The Superfund State Part 2
In this second installment I will try to cover a bit more ground on the Ringwood Sludgepool. However, I will focus this edition on the Superfund law itself so that we can all learn a bit more about what the law accomplishes.
In a nutshell, the law consists of two things. First, the law created a tax on chemical corporations that gets collected into a fund for cleaning up any messes they have left in the wake of their prosperity. Second, the law also allows for broad Federal intervention in the oversight of clean-ups. This law went into effect December of 1980 and was retroactive to some extent, so that messes made before 1980 could fall within its jurisdiction.
CERCLA established prohibitions and requirements concerning closed and abandoned hazardous waste sites, and:
* provided for the liability of persons responsible for releases of hazardous waste at these sites; and
* established a trust fund to provide for cleanup when no responsible party could be identified.
CERCLA authorizes two kinds of response actions:
* Removal actions. Typically short-term response actions, where actions may be taken to address releases or threatened releases requiring prompt response. Removal actions are classified as: (1) emergency; (2) time-critical; and (3) non-time critical. Removal responses are generally used to address risks such as abandoned drums containing hazardous substances, contaminated surface soils posing acute risks to human health or the environment, etc. The regulations for removal actions can be found at 40 C.F.R. 300.415.
* Remedial actions. Usually more long-term response actions than a removal action. Remedial actions permanently and significantly reduce the risks associated with releases or threats of releases of hazardous substances that are serious but lack the time-criticality of a removal action. These actions can be conducted only at sites listed on Environmental Protection Agency's (EPA), National Priorities List (NPL), in the United States and territories. The regulations for remedial actions can be found at 40 C.F.R. 300.430.
Under CERCLA, four classes of parties may be liable for contamination at a Superfund site:
* the current owner or operator of the site (CERCLA section 107(a));
* the owner or operator of a site at the time that disposal of a hazardous substance, pollutant or contaminant occurred (CERCLA section 107(a)(2);
* a person who arranged for the disposal of a hazardous substance, pollutant or contaminant at a site (CERCLA section 107(a)(3)); and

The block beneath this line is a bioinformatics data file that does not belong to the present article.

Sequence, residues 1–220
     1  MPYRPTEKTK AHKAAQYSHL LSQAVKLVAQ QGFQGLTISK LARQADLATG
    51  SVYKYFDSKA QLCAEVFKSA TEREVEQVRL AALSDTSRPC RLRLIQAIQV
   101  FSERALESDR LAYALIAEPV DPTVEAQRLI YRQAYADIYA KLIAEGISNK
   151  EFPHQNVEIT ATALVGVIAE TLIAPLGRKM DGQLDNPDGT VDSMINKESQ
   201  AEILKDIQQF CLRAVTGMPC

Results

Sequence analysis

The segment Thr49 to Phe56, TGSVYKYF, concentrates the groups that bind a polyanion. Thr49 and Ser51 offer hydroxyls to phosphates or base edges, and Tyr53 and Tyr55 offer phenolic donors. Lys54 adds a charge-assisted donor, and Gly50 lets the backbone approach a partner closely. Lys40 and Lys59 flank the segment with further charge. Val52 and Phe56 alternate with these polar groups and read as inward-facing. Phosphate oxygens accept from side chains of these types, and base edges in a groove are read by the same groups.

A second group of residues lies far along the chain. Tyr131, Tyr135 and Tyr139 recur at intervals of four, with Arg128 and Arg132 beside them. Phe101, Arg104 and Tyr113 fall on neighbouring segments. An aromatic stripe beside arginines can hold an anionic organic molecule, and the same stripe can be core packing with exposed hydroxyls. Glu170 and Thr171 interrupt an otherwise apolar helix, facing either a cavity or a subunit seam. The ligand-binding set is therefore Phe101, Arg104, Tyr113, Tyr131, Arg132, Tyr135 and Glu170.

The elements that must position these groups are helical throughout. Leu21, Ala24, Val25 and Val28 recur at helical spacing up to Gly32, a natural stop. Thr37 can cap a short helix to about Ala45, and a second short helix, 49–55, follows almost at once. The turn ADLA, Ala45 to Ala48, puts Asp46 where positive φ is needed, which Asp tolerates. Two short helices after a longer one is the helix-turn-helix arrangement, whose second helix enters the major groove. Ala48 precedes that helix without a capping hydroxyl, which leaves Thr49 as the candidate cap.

* a person who transported a hazardous substance, pollutant or contaminant to a site; that transporter must have also selected that site for the disposal of the hazardous substances, pollutants or contaminants (CERCLA section 107(a)(4)).
So it seems clear about how to handle what it considers a
toxic waste dump Superfund site. (remember NJ is #1 in the country with 116 of its very own toxic waste dumps Superfund sites)
As far as I can tell, the CERCLA law is well intentioned and it has worked to clean up many environmental mishaps throughout its history. However, as with many laws, there are loopholes. Nobody is better at finding loopholes to the laws
they write they are bound to than Corporate lawyers. Unfortunately CERCLA has been weakened many times by legal arm wrestling (as I suppose is common when large sums of money are at risk of being exchanged). Last time I mentioned how GE had wheeled a deal to clean some, but not all, of the PCB's it has contributed to the glorious Hudson.
But there are no guarantees that the $700 million project will go smoothly, because the consent decree splits the cleanup into two phases. While General Electric has agreed to Phase 1, it will not make a decision about the second phase until the first is completed. The company also agreed to pay $78 million to cover government costs associated with the cleanup, on top of $37 million it has already paid.
General Electric used PCB's, or polychlorinated biphenyls, in the manufacture of transformers. PCB's were banned in 1976, but the large amount of the chemicals that G.E. had discharged into the Hudson had settled into the bottom of the river, where they posed a continuing threat to the environment and to people who ate fish caught in the Hudson.
There are many nuggets like this in this article. Take this typical excuse given by the company for you know... "leavin' it deya".
For years the company argued that dredging the river mud would cause more problems than leaving the PCB's undisturbed. Environmental groups and community organizations along the river claimed yesterday that the consent decree did not ensure that the entire river would ever be decontaminated.
And of course some more deal details:
Under the terms of the agreement, G.E. will dredge the heaviest deposits of PCB's, at a cost of $100 million to $150 million. That work, which is expected to take about a year, will remove about 10 percent of the 2.65 million cubic yards of PCB-contaminated sediment.
Excellent isn't it? A big rich corporation bitching about cleaning up 1/10th of the mess they've made. For about 6/10ths of 1% of their profits from one year. So you see, it is these deals (among other things) that can weaken the Superfund law.
In my next installment I will focus on how CERCLA has failed the Ringwood area. Until then, I urge you all to read The Bergen Record's fine (yet unprinteable, uncopy-pasteable) reporting over at Toxic Legacy.